Although falling short of winning the National Programmer of the Year award, being nominated and attending the ceremony was still a huge accomplishment.
Forbes will graduate from Northeast Community College in May with an Associate of Arts in Business Administration then plans to pursue his bachelor’s or master’s degree at the University of Nebraska.
An additional 26,000 acres was added to the eligible area for local farmers to receive financial assistance installing conservation practices such as cover crops, filter strips, terraces, no-till and other erosion control practices.
State Conservationist Craig Derickson announced that the USDA Natural Resources Conservation Service (NRCS) is accepting applications for the National Water Quality Initiative. The goal of this initiative is to improve water quality in two impaired watersheds - Bazile Creek in Antelope, Pierce and Knox counties and Wahoo Creek in Saunders County.
"This is the third year these watersheds were selected to participate in this program. Also, the Bazile Creek watershed eligibility area was expanded by over 26,000 acres to the south and west of Creighton," Derickson said. "This means even more landowners will have the opportunity to participate in this program."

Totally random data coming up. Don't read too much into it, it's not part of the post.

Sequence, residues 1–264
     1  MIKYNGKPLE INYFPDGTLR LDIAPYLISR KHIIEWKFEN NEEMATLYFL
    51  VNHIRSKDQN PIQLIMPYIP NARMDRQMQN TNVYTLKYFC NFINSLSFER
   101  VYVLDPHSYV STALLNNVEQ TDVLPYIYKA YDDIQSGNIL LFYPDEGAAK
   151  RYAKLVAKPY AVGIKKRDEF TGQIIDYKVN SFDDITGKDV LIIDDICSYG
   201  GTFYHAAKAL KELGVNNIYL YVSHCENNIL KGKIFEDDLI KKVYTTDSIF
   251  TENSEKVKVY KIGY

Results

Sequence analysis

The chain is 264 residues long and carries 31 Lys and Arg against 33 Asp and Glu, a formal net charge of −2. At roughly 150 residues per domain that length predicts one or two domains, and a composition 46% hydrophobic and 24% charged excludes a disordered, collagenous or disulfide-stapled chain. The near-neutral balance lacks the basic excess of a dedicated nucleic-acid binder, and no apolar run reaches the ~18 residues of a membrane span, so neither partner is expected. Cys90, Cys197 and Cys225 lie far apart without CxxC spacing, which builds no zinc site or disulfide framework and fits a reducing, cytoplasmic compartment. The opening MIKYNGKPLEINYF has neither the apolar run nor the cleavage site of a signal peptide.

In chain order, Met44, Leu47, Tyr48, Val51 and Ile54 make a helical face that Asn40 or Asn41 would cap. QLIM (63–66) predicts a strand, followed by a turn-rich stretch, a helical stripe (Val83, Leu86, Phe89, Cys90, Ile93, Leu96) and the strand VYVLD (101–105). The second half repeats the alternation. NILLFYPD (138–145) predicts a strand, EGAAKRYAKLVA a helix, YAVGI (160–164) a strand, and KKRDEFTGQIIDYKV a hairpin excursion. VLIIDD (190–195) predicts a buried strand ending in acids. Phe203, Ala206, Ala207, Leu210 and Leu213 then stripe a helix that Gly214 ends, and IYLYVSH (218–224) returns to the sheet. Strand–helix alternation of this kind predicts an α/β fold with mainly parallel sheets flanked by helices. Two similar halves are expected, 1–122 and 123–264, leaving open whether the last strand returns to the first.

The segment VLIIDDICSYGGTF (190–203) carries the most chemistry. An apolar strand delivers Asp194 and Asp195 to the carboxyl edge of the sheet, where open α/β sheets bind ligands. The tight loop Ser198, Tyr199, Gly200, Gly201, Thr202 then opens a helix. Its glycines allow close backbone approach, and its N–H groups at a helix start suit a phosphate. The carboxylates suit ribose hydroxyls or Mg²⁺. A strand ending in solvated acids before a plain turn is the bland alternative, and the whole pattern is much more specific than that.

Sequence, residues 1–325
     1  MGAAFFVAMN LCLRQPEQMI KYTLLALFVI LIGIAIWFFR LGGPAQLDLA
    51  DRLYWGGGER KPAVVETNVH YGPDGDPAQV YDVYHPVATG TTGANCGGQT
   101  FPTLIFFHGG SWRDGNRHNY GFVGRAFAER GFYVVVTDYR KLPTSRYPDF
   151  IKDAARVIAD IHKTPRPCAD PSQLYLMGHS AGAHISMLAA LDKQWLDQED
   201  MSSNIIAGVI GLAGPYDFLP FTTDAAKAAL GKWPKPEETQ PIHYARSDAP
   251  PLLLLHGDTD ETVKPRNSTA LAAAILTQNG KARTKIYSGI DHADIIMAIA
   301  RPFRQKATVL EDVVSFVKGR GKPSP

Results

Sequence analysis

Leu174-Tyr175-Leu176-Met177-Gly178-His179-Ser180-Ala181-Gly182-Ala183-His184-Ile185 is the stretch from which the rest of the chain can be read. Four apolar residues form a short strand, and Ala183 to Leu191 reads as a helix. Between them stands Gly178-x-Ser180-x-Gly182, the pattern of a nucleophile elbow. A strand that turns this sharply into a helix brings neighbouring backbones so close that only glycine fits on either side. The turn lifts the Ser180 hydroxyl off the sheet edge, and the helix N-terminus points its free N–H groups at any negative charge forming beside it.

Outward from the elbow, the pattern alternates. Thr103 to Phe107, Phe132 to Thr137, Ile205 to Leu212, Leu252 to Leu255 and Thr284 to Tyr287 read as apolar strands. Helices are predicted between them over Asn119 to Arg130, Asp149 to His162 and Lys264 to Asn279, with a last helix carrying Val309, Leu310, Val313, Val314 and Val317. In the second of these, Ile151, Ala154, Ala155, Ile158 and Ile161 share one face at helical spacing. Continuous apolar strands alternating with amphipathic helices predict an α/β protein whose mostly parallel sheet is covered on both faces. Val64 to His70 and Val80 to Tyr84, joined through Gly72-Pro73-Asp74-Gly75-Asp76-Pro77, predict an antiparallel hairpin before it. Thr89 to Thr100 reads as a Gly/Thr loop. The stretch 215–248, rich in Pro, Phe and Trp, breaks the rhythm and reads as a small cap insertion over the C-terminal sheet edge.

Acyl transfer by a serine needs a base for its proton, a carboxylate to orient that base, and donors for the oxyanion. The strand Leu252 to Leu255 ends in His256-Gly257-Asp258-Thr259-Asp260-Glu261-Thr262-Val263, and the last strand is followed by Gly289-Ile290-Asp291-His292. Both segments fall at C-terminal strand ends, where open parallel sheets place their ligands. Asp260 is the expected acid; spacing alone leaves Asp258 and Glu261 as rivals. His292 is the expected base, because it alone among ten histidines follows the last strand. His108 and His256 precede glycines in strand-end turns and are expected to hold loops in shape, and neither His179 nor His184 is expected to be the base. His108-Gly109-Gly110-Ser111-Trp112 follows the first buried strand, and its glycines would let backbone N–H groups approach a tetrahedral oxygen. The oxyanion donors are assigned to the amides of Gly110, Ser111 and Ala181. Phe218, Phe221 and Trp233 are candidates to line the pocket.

The deadline to apply is April 1.
The targeted watersheds were identified with help from state agencies, partners, and the USDA State Technical Committee. The Nebraska Department of Environmental Quality is working with the local Natural Resources Districts in these watersheds through the Nonpoint Source Water Quality Grants-Section 319 Program. Including these watersheds in the National Water Quality Initiative will strengthen the overall effort to improve water quality in impaired streams in Nebraska.
“Through this effort, eligible producers in the selected watersheds will invest in voluntary conservation practices to help provide cleaner water for their neighbors and communities," Derickson said.
NRCS will provide funding and expertise to farmers and ranchers interested in installing conservation practices such as cover crops, filter strips, terraces, no-till and other erosion control practices to improve water quality. NRCS staff will work with individual landowners to develop a conservation plan to apply practices that work best for their farming operation in each particular watershed.
Interested landowners and operators should check with the local NRCS office to see if their farm or ranch is located in one of the targeted watersheds. Additional information about the National Water Quality Initiative, and detailed maps of the sign up areas, are available HERE.